Playing With Danger; The 20th Century Child

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When I take the time to think about how dangerous playing was when I was a child, I have to ask myself: What was the deal with our parents? Were they negligent? Did they not care?


I have been thinking a lot about toy safety and, while doing so, wondering why previous generations of parents seemingly had so little concern for their children's safety, at least compared to today's moms and dads. They let us play with wood burning kits, glass blowing sets, working toy steam engines, molten lead casting sets, bee-bee guns and more than I have space to mention here.

When I take the time to think about how dangerous playing was when I was a child, I have to ask myself: What was the deal with our parents? Were they negligent? Did they not care?

It's a puzzle to me. My mother was a major worrier, in fact, she may have been one of the 20th century's leading worriers. She was scared to death of almost anything, yet I was allowed, at the age of ten, to get into rock battles, own a real bow with real arrows, row around the creek across from our house and to burn, cut, bruise and abraid myself on a pretty much daily basis.

Looking back, I can see that she had little respect for my ability to stay out of trouble but yet she let me do these things. The same was true of the other parents in the neighborhood. So why did they do it?

Here are some thoughts:

    Mothers were home during the day. I never felt like any of them were paying much attention to us but perhaps they were. Maybe I, as a child, simply was not aware of that protective eye.

    It was a rougher time. Kids were expected to fall down, get knocked down, fall off a moving bike, bruise delicate parts while jumping over a picket fence and in general come up with an assortment of lacerations, bruises, and cuts.

    The play environment was more dangerous. No one thought of proactively preventing injuries. In the 1950s and 1960s, there were no seat belts much less seat belt laws. Cars had hard dashboards with heavy, metal protruding knobs. Similarly, playgrounds had cement surfaces supporting heavy wooden swings. Falling off the monkey bars or out of a swing meant knocking out both your brains and your teeth.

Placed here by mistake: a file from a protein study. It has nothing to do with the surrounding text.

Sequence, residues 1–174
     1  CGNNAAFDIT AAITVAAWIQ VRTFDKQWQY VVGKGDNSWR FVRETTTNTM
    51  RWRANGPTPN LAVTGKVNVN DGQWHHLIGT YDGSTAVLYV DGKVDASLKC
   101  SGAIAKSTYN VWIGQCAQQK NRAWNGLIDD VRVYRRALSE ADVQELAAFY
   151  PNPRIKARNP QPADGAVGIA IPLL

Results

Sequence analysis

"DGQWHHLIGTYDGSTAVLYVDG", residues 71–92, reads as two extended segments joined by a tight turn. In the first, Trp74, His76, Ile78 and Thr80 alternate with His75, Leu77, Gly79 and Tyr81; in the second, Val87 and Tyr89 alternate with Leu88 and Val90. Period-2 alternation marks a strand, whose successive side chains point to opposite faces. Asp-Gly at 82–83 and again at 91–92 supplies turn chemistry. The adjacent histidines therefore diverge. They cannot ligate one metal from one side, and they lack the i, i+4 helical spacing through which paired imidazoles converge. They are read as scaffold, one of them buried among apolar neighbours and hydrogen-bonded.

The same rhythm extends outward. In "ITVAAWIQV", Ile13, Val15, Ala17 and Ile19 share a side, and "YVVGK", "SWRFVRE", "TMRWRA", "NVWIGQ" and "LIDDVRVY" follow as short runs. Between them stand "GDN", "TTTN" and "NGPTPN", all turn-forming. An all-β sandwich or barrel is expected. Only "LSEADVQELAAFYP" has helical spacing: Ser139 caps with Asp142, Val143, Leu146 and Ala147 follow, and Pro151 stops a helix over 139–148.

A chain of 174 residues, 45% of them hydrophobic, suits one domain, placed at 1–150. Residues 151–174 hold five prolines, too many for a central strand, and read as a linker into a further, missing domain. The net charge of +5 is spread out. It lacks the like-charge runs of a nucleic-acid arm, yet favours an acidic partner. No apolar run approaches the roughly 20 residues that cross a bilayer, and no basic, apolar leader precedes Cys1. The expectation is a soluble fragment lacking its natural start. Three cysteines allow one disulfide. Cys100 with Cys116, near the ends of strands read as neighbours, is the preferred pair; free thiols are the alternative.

They were fatalists. I don't think the world was any less scary. Nuclear war was a constant shadow over our lives and, just like today, parents worried about kidnappings, abductions and worse. After all, the Lindbergh baby kidnapping and the Leopold and Loeb case were still a memory for most of these adults. Yet, they let us run wild. We crossed busy streets, ran down alleys and hid under houses…all unsupervised.

Bottom line was that we ate far less healthy food yet we were in general fairly skinny. We ran across busy streets but most of us made it to the other side. We played with dangerous toys but most of us survived.

So, did our parents hate us? Were they trying to thin the population? Or, did they just accept that the world was a dangerous place and we, like them, would have to figure our own way through?

I don't think they were negligent. I think they just lived in a world where bad stuff happened and there was not much they thought they could do about it. Yes, they were fatalistic and as a result, we got to play with danger.

What do you think? What was your childhood like? Let us know.

    

2 thoughts

  1. We used to play with Jarts at my grandmas house. Back then we didnt have internet, we didnt know they were banned. We would throw them straight up and run like heck. How did we survive the 70’s
    Half the stuff we played with in the 70’s would be illegle today.
    THis should be a room at the strong museum. ” toys that would be illegle to make today”

  2. The evening news was 15 minutes long, and watched by fathers, not mothers. The world we explored was a block long, a block wide, maybe two, and if we were adventurous and dared beyond that perimeter, we quickly returned. Our friends lived next door or down the street. We felt safe because we knew those kids and the neighbors without kids. Grown ups watched out for us, all grown ups did. So we had multiple mothers ready to tell the ones we lived with if we dared do something stupid with the bb guns, slingshots, bows and arrows that we were gifted by didn’t know how to use.

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